The Theology of God, Life, Choice, Sex = the Politics of Creator, Life, Liberty, Property …
John C. Rankin (2013)
The language of “life, liberty and property/pursuit of happiness” is best known from the pens of John Locke, John Adams and Thomas Jefferson, finding enshrinement in the 1776 United States Declaration of Independence, the subsequent Massachusetts Declaration of Rights, and finally in the Fifth and Fourteenth Amendments to the United States Constitution. And it has a whole history in western civilization tracing back to the Magna Carta in A.D. 1215.
These rights, these gifts of life, liberty and property are necessary assumptions for a healthy social order, rooted in the Creator under the rubric of “unalienable rights.” The language of unalienable rights is of course a double negative – that which cannot be alienated or taken away. It is articulated in the face of broken trust, but rooted in that which precedes such brokenness.
The positive substance of life, liberty, property and cognate pursuit of happiness starts in the biblical order of creation. In the Prologue we identified the four primary subjects of Genesis 1-2:
God, life,choice, sex.
God is sovereign, and his purpose in creation is to give the gift of life, especially human life – man and woman as made in his image to rule over his handiwork. Then follows the gift of moral and aesthetic choice, and which serves the prior gift of human life. Finally, in the order of creation, is the gift of sex within marriage. Here we find the power to pass on the gifts of life, choice and sex through procreation to our offspring, to celebrate the height of what it means to be made in God’s image. Unless we are first alive, we cannot be free; unless we are first alive and free, we cannot hold property and thus pursue holistic happiness.
A look at the subjects of Genesis 1-2, alongside the Declaration and U.S. Constitution, yields these parallels:
God = the Creator.
Life = Life.
Choice = Liberty.
Sex = Property/Pursuit of Happiness.
The first three parallels are obvious. But the fourth? A closer look at the language is helpful. Genesis 2:24 says: “For this reason a man will leave his father and mother and be united to his wife, and they will become one flesh.” What is being described here is the man leaving his parent’s household to form a new household with his wife.
The Hebrew term for household or family is bayith, and in the LXX, the Greek term is oikonomos. As noted earlier, this literally means “the rule of the household,” from whence we derive the English word “economics.”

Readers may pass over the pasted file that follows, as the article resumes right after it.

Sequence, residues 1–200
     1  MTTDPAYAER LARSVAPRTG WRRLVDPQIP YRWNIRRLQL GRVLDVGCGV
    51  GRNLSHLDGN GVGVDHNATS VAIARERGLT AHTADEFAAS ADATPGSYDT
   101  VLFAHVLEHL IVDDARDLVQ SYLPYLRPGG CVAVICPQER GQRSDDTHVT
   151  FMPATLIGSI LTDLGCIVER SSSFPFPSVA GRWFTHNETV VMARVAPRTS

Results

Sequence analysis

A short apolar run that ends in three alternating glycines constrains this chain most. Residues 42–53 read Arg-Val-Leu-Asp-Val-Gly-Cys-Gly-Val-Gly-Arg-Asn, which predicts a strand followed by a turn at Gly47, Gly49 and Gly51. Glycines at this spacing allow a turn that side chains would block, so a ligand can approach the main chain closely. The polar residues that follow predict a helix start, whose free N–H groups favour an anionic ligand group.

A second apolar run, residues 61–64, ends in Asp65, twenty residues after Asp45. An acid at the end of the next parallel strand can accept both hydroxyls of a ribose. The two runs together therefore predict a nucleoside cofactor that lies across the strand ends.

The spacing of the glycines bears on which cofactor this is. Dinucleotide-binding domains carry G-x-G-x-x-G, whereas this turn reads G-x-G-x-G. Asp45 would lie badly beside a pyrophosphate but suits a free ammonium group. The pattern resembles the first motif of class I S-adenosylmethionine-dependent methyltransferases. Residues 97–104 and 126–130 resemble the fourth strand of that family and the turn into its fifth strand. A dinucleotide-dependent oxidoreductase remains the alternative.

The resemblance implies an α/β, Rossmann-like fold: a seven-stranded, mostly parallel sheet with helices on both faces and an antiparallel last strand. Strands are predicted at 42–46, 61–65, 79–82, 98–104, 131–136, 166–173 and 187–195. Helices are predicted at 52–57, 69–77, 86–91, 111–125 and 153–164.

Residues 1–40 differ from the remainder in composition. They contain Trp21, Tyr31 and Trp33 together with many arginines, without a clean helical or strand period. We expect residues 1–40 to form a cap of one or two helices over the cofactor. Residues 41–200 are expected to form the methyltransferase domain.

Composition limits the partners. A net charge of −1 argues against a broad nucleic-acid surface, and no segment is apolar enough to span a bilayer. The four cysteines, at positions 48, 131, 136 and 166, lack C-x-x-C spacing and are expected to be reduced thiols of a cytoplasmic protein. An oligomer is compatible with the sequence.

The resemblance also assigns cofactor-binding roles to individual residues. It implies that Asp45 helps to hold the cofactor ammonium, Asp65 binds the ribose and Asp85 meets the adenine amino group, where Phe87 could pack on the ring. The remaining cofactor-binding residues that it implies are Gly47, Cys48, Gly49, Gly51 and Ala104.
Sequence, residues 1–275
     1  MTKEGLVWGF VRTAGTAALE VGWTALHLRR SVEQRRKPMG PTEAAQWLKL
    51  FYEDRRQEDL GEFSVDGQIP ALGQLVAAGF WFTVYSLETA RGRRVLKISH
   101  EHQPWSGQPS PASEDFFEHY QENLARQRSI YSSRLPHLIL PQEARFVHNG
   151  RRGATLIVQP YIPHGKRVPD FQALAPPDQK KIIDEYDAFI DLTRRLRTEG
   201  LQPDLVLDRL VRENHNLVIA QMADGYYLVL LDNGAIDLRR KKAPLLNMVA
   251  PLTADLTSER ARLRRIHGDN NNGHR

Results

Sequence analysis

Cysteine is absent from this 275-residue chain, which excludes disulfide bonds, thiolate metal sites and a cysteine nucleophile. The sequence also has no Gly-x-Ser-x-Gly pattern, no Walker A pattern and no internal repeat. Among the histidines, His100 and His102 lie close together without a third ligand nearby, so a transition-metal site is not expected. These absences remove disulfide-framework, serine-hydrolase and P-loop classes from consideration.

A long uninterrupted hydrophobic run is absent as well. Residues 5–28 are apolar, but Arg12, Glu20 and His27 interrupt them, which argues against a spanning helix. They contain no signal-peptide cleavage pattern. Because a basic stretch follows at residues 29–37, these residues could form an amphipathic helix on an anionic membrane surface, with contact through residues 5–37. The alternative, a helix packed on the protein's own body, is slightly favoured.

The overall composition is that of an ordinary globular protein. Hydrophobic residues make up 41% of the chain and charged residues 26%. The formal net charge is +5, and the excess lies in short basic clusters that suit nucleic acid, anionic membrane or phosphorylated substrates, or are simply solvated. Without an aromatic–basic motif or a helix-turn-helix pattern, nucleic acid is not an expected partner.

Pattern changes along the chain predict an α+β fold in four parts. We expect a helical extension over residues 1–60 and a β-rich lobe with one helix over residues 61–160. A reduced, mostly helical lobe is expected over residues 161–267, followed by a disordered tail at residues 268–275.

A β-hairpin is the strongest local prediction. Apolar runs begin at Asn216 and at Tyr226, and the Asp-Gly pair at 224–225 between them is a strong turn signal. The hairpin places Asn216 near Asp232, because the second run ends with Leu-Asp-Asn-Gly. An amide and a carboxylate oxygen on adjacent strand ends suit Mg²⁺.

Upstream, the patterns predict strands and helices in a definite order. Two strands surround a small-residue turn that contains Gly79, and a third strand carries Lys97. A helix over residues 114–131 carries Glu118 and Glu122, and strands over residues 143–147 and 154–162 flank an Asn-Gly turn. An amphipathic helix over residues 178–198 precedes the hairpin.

Across the history of human civilizations, when a man is faithful to his wife and the raising of their children, the strongest possible economic unit follows. The power to give versus the power to take is the nutshell reality. And it is the biblical assumption here. Namely, from within a healthy family unit, we draw the power of economic activity in creating, producing, selling, buying and trading property or goods.
This is based on the prior reality in Genesis 1-2, where Adam and Eve are stewards of the good earth, which is created for them. This defines the nature and purpose of owning property, namely, for that which strengthens the family and social order. Thus, the idea of happiness is rooted in social health, not in a self-centered individualism.
Locke uses the language of “property” in his Two Treatises of Government, but in the Declaration, for which Jefferson serves as scribe, he uses “happiness.” In the culture of the time, property rights and thus the power to pursue happiness, are deeply intertwined, and hence serve synonymously given the proper context.
Thus, the parallel with the subject matters of Genesis 1-2 is complete, but at a deeper level, what we witness here is the power of assumption in the Declaration itself. Namely, these realities are viewed as “self-evident” to the signatories, the majority of whom were orthodox Protestants, along with the one Roman Catholic and the various heterodox in their midst. Self-evident as rooted in the Creator.
Practical reality also teaches them that a people can only prosper when their lives, liberties and properties are protected by “due process of law” (the very language of the Fifth and Fourteenth Amendments). Namely, people are fully free in their personal matters, so long as they do not violate the lives, liberties and properties of others.
This is rooted in the akol tokel and moth tamuth of Genesis 2, namely the freedom to choose freedom or slavery, good or evil, life or death – but in so doing we are all accountable for the consequences of our own choices. We reap what we sow. Thus, if personal decisions about food, drink or sex involve breaking God-given boundaries, there are consequences in the person. Gluttony produces poor health, drunkenness produces loss of self-control and ill-health, and marriage outside the fidelity of one man and one woman produces social discord at every level, sexually transmitted diseases and etc. All excesses shorten longevity and the quality of what God ordains for us at the beginning.
So, matters of law in the social order do not tell us how to lead our personal lives, but by the same token, we cannot expect the common purse, tax dollars, to pay for our consequences (voluntary charity, strongest inside the family unit, is separate and vital). But the law does tell us that we cannot injure the lives, liberties or properties of others.